“We were aware of Hart’s midnight prowlings and also aware, to our dismay, of his nocturnal pickups. He said he’d go out for a nightcap so it was with great relief that I heard him come in about 2 am and softly close the stairway door. Thereafter it was quiet. But in the morning, what a hideous awakening!”
Crane had completely wrecked Polleen’s room.
“On the wallpaper and across the pale pink spread, up and down the curtains and over the white chenille rug were the blackest footprints and handprints I have ever seen, hundreds of them. No wonder, for I heard to my fury that he had brought a chimney-sweep home for the night.”
At least it made a change from sailors, who were Crane’s preferred partners. Caresse forgave him and stuck with him through to the publication of The Bridge, going so far as to lock him in and forcing him to write. The tough love strategy worked and Crane finally finished the poem. On December 7, 1930 they held a party to mark the completion of The Bridge under the shadow of the actual bridge which it celebrates. Harry and Caresse were due to sail for France on the 13th. They never made it.
The demise of Harry Crosby
During the night of December 8, 1929 Harry Crosby suddenly told Caresse he wanted them both to leap from their hotel window and achieve a “Sun-Death” on this winter day. Caresse ignored him; he was drunk. It was six weeks after the Wall Street Crash and many financiers did in fact jump from tall buildings.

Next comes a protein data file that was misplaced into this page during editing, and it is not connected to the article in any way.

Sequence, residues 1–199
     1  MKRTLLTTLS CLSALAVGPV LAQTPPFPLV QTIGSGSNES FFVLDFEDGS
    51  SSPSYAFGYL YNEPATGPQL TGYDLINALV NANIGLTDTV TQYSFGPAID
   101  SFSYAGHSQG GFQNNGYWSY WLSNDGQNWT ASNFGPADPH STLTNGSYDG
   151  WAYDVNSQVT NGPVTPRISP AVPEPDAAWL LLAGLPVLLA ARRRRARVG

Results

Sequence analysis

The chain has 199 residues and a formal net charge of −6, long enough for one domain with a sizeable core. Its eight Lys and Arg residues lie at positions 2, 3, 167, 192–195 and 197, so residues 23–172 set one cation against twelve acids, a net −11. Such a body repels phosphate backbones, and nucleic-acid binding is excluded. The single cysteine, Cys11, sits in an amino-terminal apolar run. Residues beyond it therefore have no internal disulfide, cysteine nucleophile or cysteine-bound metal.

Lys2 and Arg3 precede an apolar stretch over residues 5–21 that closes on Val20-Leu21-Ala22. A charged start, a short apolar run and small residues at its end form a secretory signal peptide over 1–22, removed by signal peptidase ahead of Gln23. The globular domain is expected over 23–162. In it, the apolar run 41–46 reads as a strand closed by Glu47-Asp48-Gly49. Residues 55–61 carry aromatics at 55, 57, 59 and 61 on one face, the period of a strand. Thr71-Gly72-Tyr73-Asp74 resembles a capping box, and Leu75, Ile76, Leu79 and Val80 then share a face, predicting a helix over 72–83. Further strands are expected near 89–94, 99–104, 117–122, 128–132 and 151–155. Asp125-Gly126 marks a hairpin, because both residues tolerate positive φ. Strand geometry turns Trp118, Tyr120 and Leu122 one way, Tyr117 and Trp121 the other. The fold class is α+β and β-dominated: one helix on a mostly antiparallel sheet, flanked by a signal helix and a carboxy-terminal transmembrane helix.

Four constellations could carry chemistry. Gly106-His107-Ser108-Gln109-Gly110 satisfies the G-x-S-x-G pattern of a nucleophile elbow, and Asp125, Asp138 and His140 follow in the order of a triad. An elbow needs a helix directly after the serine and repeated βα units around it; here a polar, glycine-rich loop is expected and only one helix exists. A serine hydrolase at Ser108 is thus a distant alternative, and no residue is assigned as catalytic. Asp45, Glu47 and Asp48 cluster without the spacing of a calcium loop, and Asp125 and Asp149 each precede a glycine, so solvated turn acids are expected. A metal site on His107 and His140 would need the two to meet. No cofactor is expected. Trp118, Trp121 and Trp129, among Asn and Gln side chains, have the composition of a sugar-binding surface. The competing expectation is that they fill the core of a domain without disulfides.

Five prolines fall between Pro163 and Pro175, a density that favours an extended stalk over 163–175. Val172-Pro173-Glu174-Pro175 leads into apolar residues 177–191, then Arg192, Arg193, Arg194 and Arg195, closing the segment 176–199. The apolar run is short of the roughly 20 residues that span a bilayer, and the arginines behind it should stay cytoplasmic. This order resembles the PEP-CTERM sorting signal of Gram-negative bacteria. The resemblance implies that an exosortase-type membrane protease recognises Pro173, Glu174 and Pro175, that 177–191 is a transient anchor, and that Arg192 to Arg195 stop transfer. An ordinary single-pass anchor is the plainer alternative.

On the 10th Harry met his mistress, whom Caresse called the Fire Princess. He was supposed to meet Caresse later at the Lyceum Theatre, with Hart Crane and others. When there was no sign of Harry the party went into the theatre but Crane left his number at the box office in case a call came. It did. Crosby and his mistress were dead in a hotel room. They each had a bullet to the head and Harry still had a gun in his hand. Harry’s last entry in his diary was December 9:
And again my Invulnerability is put to the test.
One is not in love unless one desires
to die with one’s beloved
there is only one happiness
it is to love and to be loved